How do you apply to Teach First?
Applications are made online through the Teach First site. Recruitment is carried out on a rolling basis, with vacancies being filled as soon as suitable candidates are found. It's best to apply early as the participating schools' requirements in some subjects will be met quickly. If you're successful at the online application stage, you will then be asked to attend an assessment centre, or virtual assessment centre. Activities could include group activities, individual interviews and possibly a practical activity such as a sample lesson.
How do you apply for early years initial teacher training?
Applications to the main graduate entry route are usually made directly to higher education institutions that provide early years initial teacher training. Contact the institution for information on how to apply. The Department for Education has a list of accredited providers.
If you wish to follow the employment-based route, you'll need to speak to your employer in the early years setting and get their agreement.
If you are interested in the School Direct (early years) route you will need to contact one of the lead organisations that delivers the course. Details are available from the Department for Education.
How do you apply to Researchers in Schools?
You will need to complete the trainee teacher application form on the Researchers in Schools website, which includes a series of assessment questions. Those who are successful at the first application stage are then invited to an assessment centre which is held at one of the partner schools. You might have to deliver and evaluate a mini lesson, take part in a group exercise and have a one to one interview.
How do you apply for the Assessment Only (AO) route?
Initially, you should talk to your current employer about this option and establish their willingness to support your progress to qualified teacher status (QTS). They may have already taken staff through this route and will be able to advise you on the options. You will then need to apply directly to an approved provider and details of these are available from the Department for Education.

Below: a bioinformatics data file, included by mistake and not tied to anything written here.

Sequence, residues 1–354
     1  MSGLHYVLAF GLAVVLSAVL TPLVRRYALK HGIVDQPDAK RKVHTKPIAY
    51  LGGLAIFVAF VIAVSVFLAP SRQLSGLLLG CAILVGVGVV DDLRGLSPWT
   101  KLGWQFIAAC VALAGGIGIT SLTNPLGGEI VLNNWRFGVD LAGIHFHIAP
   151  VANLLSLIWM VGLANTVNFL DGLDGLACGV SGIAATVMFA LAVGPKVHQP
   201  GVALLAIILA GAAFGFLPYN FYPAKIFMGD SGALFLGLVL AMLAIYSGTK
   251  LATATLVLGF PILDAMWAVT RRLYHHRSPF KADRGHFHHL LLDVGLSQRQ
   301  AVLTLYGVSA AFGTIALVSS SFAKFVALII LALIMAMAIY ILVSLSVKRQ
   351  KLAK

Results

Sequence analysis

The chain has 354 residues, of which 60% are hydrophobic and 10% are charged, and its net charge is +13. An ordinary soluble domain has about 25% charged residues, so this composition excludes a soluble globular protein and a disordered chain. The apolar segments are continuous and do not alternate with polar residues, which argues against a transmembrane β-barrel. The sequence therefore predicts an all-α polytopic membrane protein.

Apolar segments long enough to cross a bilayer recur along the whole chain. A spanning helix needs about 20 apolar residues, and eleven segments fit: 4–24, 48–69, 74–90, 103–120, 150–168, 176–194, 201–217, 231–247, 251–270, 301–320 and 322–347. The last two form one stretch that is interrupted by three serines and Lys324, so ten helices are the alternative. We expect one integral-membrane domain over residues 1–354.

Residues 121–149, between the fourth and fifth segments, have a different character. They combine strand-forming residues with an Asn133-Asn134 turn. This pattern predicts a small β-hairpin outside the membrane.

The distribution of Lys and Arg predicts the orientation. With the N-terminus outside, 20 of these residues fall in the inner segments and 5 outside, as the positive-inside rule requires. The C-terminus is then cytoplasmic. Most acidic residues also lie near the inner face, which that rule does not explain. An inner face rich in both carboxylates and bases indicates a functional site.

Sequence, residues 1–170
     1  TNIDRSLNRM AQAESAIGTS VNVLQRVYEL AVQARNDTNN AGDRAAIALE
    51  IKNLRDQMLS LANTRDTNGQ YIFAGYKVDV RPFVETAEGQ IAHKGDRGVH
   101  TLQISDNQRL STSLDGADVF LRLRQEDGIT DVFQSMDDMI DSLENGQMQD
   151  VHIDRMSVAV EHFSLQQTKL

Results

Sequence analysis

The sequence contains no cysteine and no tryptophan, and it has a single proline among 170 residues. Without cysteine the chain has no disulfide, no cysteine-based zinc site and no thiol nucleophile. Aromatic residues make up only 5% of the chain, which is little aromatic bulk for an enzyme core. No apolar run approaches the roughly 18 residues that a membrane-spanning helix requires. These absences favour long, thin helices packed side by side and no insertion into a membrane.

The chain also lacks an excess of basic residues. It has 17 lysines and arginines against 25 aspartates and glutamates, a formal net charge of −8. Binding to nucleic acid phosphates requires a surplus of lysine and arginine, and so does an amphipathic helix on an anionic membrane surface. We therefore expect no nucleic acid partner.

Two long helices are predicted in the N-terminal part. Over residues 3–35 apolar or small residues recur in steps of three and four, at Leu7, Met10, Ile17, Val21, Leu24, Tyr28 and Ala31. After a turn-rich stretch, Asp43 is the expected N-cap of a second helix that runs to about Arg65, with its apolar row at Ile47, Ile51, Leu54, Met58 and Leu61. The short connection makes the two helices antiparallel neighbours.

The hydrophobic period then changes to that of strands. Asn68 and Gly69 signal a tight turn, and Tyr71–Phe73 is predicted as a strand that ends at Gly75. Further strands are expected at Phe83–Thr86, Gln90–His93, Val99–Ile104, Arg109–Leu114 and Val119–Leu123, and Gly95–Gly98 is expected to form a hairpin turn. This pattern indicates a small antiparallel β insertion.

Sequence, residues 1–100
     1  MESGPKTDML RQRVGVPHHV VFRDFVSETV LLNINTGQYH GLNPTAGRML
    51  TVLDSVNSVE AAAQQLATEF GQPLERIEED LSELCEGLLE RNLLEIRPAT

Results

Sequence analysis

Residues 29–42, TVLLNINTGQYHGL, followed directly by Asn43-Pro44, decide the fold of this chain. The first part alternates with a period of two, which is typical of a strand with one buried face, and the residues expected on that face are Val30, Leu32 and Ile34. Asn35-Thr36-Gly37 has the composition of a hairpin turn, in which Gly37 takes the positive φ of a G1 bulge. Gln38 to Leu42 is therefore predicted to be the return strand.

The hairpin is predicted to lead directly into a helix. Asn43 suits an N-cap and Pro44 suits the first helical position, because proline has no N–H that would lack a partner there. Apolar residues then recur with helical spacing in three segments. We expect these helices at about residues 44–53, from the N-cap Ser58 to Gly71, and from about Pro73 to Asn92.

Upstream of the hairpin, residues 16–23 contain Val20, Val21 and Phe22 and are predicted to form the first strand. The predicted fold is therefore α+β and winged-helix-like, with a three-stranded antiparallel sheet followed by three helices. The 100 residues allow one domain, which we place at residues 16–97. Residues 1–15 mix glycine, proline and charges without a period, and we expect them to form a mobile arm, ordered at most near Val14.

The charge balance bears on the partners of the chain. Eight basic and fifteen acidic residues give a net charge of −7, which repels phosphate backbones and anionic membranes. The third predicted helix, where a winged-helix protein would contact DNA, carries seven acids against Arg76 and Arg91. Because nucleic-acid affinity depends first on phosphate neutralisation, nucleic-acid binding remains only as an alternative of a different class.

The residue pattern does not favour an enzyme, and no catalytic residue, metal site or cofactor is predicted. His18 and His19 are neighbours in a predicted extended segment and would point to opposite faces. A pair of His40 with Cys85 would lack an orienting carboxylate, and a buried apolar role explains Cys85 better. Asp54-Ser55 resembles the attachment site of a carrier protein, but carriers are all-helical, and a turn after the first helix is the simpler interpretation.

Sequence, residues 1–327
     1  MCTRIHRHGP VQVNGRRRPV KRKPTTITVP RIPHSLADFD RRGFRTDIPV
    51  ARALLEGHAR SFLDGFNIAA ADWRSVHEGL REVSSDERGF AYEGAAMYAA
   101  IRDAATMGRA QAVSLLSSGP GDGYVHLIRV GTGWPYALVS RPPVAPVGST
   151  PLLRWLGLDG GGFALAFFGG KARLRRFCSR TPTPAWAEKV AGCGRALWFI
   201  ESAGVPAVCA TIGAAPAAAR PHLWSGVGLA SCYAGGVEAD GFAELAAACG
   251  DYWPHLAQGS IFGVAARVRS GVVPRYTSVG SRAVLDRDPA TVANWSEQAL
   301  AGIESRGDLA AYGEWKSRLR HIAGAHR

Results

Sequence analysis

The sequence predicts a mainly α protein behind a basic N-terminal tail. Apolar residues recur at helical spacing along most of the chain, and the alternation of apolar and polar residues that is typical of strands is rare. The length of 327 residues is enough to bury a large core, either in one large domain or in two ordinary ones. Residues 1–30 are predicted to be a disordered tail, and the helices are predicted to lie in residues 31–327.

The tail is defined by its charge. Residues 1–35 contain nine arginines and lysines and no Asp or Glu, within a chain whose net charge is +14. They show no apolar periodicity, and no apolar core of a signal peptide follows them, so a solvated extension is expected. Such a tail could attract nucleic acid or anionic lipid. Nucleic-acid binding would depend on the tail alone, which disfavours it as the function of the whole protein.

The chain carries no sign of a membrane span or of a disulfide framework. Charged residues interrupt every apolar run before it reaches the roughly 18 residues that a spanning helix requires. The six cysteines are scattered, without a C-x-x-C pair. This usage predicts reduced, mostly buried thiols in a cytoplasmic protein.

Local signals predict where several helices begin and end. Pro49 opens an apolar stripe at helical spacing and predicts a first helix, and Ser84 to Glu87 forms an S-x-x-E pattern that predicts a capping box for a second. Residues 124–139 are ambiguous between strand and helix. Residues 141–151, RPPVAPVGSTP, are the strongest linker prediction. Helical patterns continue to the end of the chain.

How do you choose a course?
Research your options thoroughly, including looking at the institutions' own websites and visiting if possible. Some providers might be offering virtual open days. You may want to discuss your ideas with a careers adviser, to help work out what best suits your own preferences and circumstances.
Things you might consider when deciding where to apply include:
- Do you need to gain a PGCE? QTS alone qualifies you to teach in England but may not be sufficient elsewhere. Many PGCEs enable you to gain credits at masters degree level, which you may be able to use toward a full masters degree after you have completed your training.
- Are you restricting your choice to a particular geographical area? If so, there may not be courses of all types available for your subject or age range.
- Would you like to be fully immersed in the life of one school right from the start of your training or would you prefer more progressive placements in several schools?
- If you're considering a school-based route, it's important to find out as much as you can about the school or group of schools, their partner training provider(s) and the nature of the programme they offer as they do differ.
- Competition for places can be intense. Consider the balance of applicants to number of places available. Some school-based providers may only have one place available in the subject you wish to teach. Higher education institutions vary widely in the number of places they have to offer, and may have many applicants for some courses.
Non-EU and EU students will generally apply for training opportunities in the same way as home students, and as described above. If you’re an applicant from overseas you will need to prove you have adequate language skills for teaching at the relevant standard in schools or colleges and ensure that you have the right to live and work in the UK. You will usually also have to be able to provide proof of qualifications, possibly with details of equivalence to UK qualifications.